Death from exposure to the cold can happen to anyone, according to the National Weather Service.
With winter approaching, local law enforcement and safety officials remind Carbon County residents to take early precautions for dangerous winter driving.
The weather service stipulates that about 70 percent of all winter deaths occur in automobiles. The service further reports that the most dangerous hazards during the winter months are not the slippery conditions but frostbite and hypothermia that can follow an accident.
Frostbite is damage to body tissue caused by that tissue being frozen.
Frostbite causes a loss of feeling and a white or pale appearance in extremities, such as fingers, toes, ear lobes or the tip of the nose.
The weather service advises local residents experiencing the symptoms to seek medical attention immediately.
Hypothermia is a condition that occurs when body temperature falls below 95 degrees Fahrenheit.
The symptoms include uncontrollable shivering, memory loss, disorientation, incoherence, slurred speech, drowsiness and apparent exhaustion.
The weather service warns local residents that the symptoms warrant immediate medical attention.
If that is not possible, it is suggested that the body core be warmed first. Any wet clothing should be removed and replaced with something dry that can be wrapped around the head and neck.
The service cautions against warming the extremities first. Doing so can force cold blood toward the heart, possibly leading to heart failure.
To avoid finding oneself in a situation where frostbite and hypothermia are a possibility the National Highway Transportation Safety Administration has provided the following information to ready a car for winter driving.
Inspect the vehicles tires, regardless of the season tires should be inspected at least once a month and always before embarking on a long trip.
Check the tire pressure and make sure each tire is filled to the vehicle manufacturer's suggested rate, which is listed in the owners manual.
Keep a tire pressure gauge in the vehicle at all times and check the tire pressure cold, meaning they haven't been driven on for at least three hours.
Look closely at the vehicles tire tread and replace tires with uneven or insufficient tread. Tread should be at least 1/16 of an inch or greater on all tires.
Understand the car, all vehicles handle differently and this is particularly true when driving on wet, icy or snowy roads. The safety administration points out that it is important to take the time to learn how to best handle a particular vehicle before driving it in winter conditions.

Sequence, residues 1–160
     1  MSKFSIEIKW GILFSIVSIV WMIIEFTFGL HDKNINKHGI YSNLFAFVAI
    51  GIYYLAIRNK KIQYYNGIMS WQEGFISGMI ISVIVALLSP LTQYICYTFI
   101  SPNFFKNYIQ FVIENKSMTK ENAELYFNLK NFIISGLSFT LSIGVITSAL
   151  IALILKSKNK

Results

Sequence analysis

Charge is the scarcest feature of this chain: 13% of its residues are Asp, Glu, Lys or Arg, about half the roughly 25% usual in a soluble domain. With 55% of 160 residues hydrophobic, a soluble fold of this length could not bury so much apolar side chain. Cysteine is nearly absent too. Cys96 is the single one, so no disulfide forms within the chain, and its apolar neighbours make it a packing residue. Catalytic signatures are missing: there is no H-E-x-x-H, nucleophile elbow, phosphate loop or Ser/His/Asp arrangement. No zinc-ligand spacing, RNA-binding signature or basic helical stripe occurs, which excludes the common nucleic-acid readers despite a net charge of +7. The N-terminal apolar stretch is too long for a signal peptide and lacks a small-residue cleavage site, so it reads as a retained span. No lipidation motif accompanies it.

Practice cold weather driving when show is available, just not on the main road.
Drive slowly. It is harder to control or stop a vehicle on a slick or snow covered road. Increase the following distance between cars when winter driving.
Know what kind of the brakes the vehicle has and how to use them properly. For anti-lock brakes apply firm pressure. For non anti-lock pump the brakes gently during winter conditions.
Plan the travel route and notify friends and family.
Check the weather, road conditions and traffic.
Keep the gas tank close to full during the winter months.
Avoid driving in winter storms unless it is completely necessary.
The weather service stipulates that if an individual is caught outside during the winter months finding shelter is of the utmost importance. They recommend individuals do everything possible to stay dry and avoid exertion as sweating can cause a major chill. Some tips for being caught outside include:
Prepare a lean-to, wind break or a snow cave for protection from the wind. Wind chill can decrease the temperature by as much as 30 degrees.
Build a fire for heat and to attract attention.
Place rocks around the fire to absorb and reflect heat.
According to the service it is also vital to drink plenty of liquids if possible but do not eat snow, it will lower body temperature. It must be melted before consumption.
The service reported that some essential storage supplies for any vehicle during the winter include:
A flashlight and extra batteries
Extra food and water, including high energy food such as dried fruit or candy. Food requiring no refrigeration or cooking is best.
First aid supplies.
Emergency heating sources such as matches for starting a fire and thermopacks.
Blankets or a sleeping bag.
Compass and road maps.
The service closed their preparatory guide by warning that all families should have a "family disaster plan" focused on specific actions that could be taken during a winter disaster.
The plan should include the specific items and actions needed for surviving a winter disaster.
According to the weather service, most families think something like this could never happen to them but being stranded on an icy winter road is something that could happen to anyone.